Team Edward: Rereading Twilight after 10 years

Rating: 2 out of 5.

When Stephanie Meyer announced that a new Twilight novel, Midnight Sun, would be coming out in August, she unearthed a part of me that had been buried for a decade: my Twilight phase. 

Although my original copy of Twilight is long gone, I ordered another so that I could get to the bottom of why 10 year-old me really thought this was The Greatest Love Story Ever Written. 

Stephanie Meyer’s Twilight series is undoubtedly one of the biggest book franchises of our time, with over 120 million copies sold. The human-vampire relationship between Bella Swan and Edward Cullen spawned four books plus one spinoff and now, Midnight Sun (12 leaked chapters – that I admit I downloaded and read in 2009 – caused Meyer to halt publication). Then there were the five Twilight movies. From 2008 to 2012, Twilight was absolutely everywhere. And then it ended, and disappeared entirely from my mind. Until three days ago. 

‘About three things I was absolutely positive. First, Edward was a vampire. Second, there was a part of him – and I didn’t know how potent that part might be – that thirsted for my blood. And third, I was unconditionally and irrevocably in love with him’ (p. 171). 

It would be easy to bash Twilight, to say that it’s cringe and badly written. But although Meyer’s logic can seem a little skewed at times (Why does a 108 year-old fancy a 17 year-old girl?) and her writing a little cliché (“What if I’m not the superhero? What if I’m the bad guy?” – chill out, Edward), Twilight isn’t that bad, really. It’s an enjoyable read for the most part. The plot is engaging and easy to follow, the main action revolving around a cat-and-mouse chase between Edward, Bella and another vampire who wants to eat her. Even Bella and Edward’s relationship is kind of sweet if you ignore the fact that he spends the entire novel (and franchise) also trying not to eat her.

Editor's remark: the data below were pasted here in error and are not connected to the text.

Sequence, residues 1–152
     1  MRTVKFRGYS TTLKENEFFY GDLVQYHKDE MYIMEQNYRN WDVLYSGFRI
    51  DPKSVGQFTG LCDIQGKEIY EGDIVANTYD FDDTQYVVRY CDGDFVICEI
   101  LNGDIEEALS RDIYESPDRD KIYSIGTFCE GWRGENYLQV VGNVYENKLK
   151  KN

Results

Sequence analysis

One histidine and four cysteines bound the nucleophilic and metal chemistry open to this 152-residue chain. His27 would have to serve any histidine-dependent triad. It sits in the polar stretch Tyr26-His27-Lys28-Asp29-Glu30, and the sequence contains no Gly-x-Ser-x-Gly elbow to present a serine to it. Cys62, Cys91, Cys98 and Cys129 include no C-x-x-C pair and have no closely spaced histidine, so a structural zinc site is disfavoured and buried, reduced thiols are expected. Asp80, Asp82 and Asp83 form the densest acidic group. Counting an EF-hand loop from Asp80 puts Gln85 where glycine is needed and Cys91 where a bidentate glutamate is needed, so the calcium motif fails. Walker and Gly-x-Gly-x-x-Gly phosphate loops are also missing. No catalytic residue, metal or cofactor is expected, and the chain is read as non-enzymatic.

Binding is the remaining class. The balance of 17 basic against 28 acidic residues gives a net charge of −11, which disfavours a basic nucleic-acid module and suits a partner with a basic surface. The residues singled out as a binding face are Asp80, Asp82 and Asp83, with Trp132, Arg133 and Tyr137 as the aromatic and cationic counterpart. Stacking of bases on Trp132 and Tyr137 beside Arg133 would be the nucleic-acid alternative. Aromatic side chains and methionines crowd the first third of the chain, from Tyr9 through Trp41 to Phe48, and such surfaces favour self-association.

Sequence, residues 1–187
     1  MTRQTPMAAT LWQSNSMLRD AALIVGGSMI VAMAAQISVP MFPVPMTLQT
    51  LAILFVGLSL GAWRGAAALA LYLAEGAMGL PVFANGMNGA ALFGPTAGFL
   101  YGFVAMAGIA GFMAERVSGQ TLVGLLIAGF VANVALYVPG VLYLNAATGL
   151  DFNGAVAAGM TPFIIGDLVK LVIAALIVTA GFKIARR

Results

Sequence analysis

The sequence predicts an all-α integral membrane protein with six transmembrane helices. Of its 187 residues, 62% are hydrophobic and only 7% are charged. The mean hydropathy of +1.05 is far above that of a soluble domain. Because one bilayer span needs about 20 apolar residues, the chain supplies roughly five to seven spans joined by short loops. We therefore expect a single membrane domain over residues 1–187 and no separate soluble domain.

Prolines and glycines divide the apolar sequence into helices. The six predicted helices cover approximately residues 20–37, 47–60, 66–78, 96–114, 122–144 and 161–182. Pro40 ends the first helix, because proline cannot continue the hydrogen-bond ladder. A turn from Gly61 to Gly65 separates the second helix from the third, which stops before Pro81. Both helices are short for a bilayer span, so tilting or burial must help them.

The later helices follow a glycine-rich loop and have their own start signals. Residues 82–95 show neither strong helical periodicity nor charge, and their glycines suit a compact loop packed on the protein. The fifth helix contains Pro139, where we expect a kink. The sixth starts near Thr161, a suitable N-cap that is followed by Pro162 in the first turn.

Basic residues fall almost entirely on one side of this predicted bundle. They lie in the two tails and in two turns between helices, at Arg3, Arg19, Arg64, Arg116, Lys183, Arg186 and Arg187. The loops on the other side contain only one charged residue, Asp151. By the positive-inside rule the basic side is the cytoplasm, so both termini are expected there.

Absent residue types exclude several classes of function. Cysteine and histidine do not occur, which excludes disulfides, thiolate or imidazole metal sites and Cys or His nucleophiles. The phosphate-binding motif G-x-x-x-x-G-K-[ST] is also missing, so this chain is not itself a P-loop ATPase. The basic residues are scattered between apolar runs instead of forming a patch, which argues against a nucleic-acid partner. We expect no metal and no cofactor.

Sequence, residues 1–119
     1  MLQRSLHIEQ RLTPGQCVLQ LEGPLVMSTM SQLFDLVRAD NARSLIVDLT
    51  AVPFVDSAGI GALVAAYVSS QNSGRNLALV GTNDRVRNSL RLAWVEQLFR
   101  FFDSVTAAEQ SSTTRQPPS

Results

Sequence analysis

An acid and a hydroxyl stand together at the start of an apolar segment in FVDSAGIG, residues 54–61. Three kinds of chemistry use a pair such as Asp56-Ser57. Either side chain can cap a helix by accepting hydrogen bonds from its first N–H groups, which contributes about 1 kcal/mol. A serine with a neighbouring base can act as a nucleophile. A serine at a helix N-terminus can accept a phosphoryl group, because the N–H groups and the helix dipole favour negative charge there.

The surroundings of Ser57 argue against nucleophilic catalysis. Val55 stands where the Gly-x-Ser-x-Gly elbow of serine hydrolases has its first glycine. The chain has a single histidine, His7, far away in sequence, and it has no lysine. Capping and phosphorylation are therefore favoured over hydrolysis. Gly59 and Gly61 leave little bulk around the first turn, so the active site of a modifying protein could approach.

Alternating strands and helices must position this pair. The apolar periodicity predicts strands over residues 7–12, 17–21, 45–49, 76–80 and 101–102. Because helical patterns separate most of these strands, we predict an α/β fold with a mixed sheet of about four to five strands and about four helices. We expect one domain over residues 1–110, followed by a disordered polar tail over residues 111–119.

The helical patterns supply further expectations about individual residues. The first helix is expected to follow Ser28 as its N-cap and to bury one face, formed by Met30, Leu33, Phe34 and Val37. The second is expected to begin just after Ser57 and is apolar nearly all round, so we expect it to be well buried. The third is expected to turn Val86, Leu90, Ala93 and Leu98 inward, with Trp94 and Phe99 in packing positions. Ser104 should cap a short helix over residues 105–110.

Twilight’s real problem, however, ultimately lies in its main character and narrator, Isabella Swan. I know Meyer is trying to capture the voice of an ‘awkward’ teenage girl, but oh my god, I don’t see how she could have made her more annoying. From rereading Wuthering Heights ‘for fun’ to her favourite colour being ‘brown’, Bella is hell-bent on being ‘different’ and actually says at one point, ‘maybe the truth was that I didn’t relate well to people, period’ (p. 9). The angst! This is, of course, untrue. After moving to Forks, Bella immediately finds a nice group of friends and is asked to the school dance by not one, but three boys. What are the odds? 

‘I was glad to leave campus, so I would be free to pout and mope before I went out tonight with Jessica and company’ (p. 127).

Bella also actively chooses to ignore the elephant in the room: her boyfriend wanting to drink her blood all the time. This is a flaw in their relationship that is obvious to everyone; Edward; Edward’s entire extended family; Bella’s dad; Me; You. On the contrary, she loves it.

Of course, the story wouldn’t be a story had she chosen to dump Edward the moment she saw him glittering in the sunlight (I forgot about the glittering, too – hilarious), but she doesn’t even consider it. She’s an idiot from the get-go. 

Cynicism aside, Twilight definitely isn’t the worst book you could read. I enjoyed delving back into Meyer’s bizarre, vampire world. I’m giving Twilight two stars; one for the mems, one for Edward glittering. 

Read the novel yourself:

Rating: 2 out of 5.

Published by Lily Evans

writing about books

Leave a Reply

%d bloggers like this: